Vassos Argyrou
Professor of Social Anthropology and Cultural Theory
University of Hull, UK

Vassos Argyrou was born and raised on the island of Cyprus at a time when it was still a British colony. Although he was too young to remember what it was like to be a colonial subject, he strongly believes that it is not really possible to understand contemporary reality, whether local, national or global without taking into account the colonial period and its impact not only on ‘the Rest’, as Marshall Sahlins infamously says somewhere, but also on the West. Having grown up in the 1960s in the newly independent and soon-to-be ethnically divided post-colony, he was diligently and painstakingly taught Greek nationalism, Eurocentrism and modernism, all of which, he came to realise subsequently, are closely connected in the Greek imagination.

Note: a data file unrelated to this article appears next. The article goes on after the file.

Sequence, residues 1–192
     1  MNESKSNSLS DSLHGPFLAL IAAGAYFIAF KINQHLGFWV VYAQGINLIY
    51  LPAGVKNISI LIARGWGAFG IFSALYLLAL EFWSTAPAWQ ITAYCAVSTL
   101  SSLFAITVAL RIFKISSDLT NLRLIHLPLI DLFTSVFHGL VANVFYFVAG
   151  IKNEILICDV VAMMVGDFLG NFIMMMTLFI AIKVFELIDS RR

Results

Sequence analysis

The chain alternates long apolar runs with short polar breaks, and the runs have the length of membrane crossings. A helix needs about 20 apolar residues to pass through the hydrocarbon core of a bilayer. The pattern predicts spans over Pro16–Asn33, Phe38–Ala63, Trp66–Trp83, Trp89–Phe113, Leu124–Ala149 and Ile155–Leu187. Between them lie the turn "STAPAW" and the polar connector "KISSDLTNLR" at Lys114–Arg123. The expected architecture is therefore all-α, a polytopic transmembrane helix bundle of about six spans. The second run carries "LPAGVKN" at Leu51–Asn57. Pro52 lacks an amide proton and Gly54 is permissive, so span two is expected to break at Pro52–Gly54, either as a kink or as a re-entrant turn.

Having studied economics as a result of a misunderstanding and social anthropology by design, he learned his postcolonial criticism at the very heart of the erstwhile colonial power, a paradox that did not fail to register but was not examined till much later. Seduced by the prospect of no longer being a postcolonial subject, he launched into a series of critical, deconstructive studies seeking to ‘provincialize Europe’, only to realise that the more one strives to undermine power the more one is co-opted and securely bound by it. He was, therefore, forced to agree reluctantly with Foucault or, at any rate, with one of his ‘spectres’ that silence (born of indifference) may be the most subversive strategy. Still, much like Foucault and others who’ve reached a similar conclusion, he finds the desire to speak overwhelming and irresistible. Against his better judgment, he still speaks, now perhaps more than ever before. In more quiet moments he often wonders if his teenage daughter will ever find any of these concerns even remotely relevant or meaningful.